Social Studies 201

Fall 2003

Final Examination

9:00 a.m. – 12:00 noon, Wednesday, December 10


Answer any three questions – each question has equal value


Note.  For each answer, state any assumptions adopted and any confidence or significance levels adopted.  When appropriate, state possible errors involved in your conclusions.


Grades.  If you would like the grades for all the problem sets and exams you have completed, send me an email at and, once I have calculated final grades, I will send your grade.



1.  Attitudes toward police.  Professor Henry Chow, of the Department of Sociology and Social Studies, authored the article “Police-Community Relations: Chinese Attitudes toward the Police in Toronto,” in Canadian Ethnic Studies, XXIV, No. 2, 2002, pp. 90-101.  The data in attached Table 1 come from this article.  Each of the fourteen items in the table was measured on a five-point scale, from 1 meaning strongly disagree to 5 meaning strongly agree.  A mean of 3 implies a neutral response, above 3 a positive response, and below 3 a negative response.  The sample size was 402 respondents.  For Chinese in Toronto:

  1. Test whether the mean for item 6 (tighter control of use of firearms) is less than 3.  Test whether the mean for item 11 (prompt response) exceeds 3. 
  2. Obtain interval estimates for items 10 (treatment not unfair) and 13 (police maintain close contact with Chinese community).
  3. In the article, Chow states that “respondents were only marginally positive in their perceptions of the police as indicated by the relatively low mean values for the 14 items (i.e., between 2.42 and 3.64).”  From the results in a. and b., and the means for the other items, comment on Chow’s claim that responses were positive, but not strongly so.



2. Television and internet use.  The data in Table 2 come from Saskatchewan respondents aged 15-24 surveyed in Statistics Canada, 2000 General Social Survey, Cycle 14: Access to and Use of Information Communication Technology.  Use these data to answer the following for Saskatchewan residents aged 15-24:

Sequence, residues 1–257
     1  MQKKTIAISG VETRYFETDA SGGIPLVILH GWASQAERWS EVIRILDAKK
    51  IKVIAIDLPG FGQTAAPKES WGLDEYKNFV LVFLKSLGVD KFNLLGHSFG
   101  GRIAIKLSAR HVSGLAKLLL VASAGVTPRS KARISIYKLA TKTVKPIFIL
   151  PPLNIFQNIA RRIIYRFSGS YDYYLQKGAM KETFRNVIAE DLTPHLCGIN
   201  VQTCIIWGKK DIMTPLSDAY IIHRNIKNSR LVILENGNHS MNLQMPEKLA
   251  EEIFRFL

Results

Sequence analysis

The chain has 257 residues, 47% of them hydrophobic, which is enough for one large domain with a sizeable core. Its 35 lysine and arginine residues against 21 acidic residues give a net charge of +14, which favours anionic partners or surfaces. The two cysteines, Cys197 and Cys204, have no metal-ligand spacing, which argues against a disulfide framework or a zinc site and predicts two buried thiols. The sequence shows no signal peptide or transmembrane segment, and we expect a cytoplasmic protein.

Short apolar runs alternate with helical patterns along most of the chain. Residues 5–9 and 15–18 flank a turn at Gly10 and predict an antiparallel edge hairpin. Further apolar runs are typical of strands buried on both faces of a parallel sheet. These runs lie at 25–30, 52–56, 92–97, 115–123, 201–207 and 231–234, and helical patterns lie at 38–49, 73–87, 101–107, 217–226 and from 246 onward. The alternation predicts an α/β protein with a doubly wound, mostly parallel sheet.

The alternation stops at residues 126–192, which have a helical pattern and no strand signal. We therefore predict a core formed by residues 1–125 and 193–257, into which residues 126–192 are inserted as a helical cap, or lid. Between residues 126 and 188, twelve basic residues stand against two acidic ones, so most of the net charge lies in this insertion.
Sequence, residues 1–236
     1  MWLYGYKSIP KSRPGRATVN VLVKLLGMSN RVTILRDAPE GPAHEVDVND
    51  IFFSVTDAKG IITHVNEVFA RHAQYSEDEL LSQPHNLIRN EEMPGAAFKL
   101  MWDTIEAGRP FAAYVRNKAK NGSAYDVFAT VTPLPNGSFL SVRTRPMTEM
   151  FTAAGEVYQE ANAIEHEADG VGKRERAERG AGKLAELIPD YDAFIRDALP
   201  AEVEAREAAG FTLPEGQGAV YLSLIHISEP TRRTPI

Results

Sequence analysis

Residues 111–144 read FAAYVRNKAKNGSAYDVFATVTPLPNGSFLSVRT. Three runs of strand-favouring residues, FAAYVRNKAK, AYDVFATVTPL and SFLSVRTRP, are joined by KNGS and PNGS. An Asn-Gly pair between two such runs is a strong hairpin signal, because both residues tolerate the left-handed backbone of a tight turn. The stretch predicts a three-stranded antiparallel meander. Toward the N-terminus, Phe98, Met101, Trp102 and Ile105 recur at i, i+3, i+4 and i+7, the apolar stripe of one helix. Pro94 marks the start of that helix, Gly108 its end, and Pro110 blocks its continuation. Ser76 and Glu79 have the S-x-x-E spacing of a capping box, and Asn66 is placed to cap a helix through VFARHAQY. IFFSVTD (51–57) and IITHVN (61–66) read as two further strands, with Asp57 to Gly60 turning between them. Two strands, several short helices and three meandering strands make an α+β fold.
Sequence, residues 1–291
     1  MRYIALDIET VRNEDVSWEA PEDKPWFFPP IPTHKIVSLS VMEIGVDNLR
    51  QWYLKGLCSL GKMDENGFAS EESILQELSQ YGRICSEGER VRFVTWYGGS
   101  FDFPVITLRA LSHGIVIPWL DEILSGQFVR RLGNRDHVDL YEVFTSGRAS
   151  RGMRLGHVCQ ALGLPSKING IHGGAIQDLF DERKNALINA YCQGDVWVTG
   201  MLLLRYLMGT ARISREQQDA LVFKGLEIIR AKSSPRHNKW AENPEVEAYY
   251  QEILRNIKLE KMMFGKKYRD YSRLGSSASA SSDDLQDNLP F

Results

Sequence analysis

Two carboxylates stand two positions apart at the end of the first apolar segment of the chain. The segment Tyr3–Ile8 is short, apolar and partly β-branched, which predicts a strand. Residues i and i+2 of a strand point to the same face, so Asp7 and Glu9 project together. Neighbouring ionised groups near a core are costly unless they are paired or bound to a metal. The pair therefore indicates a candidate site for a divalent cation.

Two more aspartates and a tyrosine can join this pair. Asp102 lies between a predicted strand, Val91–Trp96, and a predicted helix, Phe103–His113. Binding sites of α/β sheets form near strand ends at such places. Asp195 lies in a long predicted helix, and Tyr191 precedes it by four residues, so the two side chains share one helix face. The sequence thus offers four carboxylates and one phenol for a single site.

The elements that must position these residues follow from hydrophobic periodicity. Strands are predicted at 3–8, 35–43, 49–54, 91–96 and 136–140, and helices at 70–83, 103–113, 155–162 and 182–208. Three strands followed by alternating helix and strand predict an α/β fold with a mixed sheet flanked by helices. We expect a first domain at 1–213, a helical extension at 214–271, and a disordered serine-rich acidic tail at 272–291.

1. Test whether the mean hours of (i) television use and (ii) internet use at work differ from 11 hours per week (0.01 significance level).
  2. Obtain a 95% confidence interval for mean hours of internet use at home.
  3. How large a sample size would be required to obtain the true mean hours of internet use correct to within one hour, with 98% confidence?
  4. A researcher claims the mean hours of television use and of internet use at work and at home are each 11 hours per week.  From the results of a. and b., what do you conclude about this claim?



Table 2.  Statistics of weekly hours of television and internet use, Saskatchewan respondents aged 15-24 who used each service, General Social Survey, Cycle 14, 2000



Mean hours per week

Standard deviation of hours per week

Sample size

Watch television




Use internet at home




Use internet at work




Use internet at school






3.  Shift work and health.  The data in Table 3 come from a survey of Canadian workers who work evening and regular shifts.  The percentages in the table refer to the percentage of workers, of each characteristic, who report psycho-social difficulties. 

  1. For each of married men and women working evening shift, obtain an interval estimate for the proportion who report problems with their partner.
  2. Test whether (i) the proportion of males working evening shift reporting high stress exceeds the proportion of males working regular shift that report high stress, and (ii) the proportion of females reporting high stress differs for those working evening and regular shift. 
  3. Using these results, comment on the following statement.  “For men, the evening shift was particularly associated with psychosocial difficulties.  Married men working an evening shift were more likely than those working regular daytime hours to report relationship problems.  … On the other hand, women working the evening shift did not report similar psychosocial problems.”  (from Margot Shields, “The health of Canada’s shift workers,” Canadian Social Trends, Summer 2003, No. 69, p. 23).



Table 3.  Psycho-social difficulties of men and women workers with different types of work schedules.  Per cent of each group reporting difficulty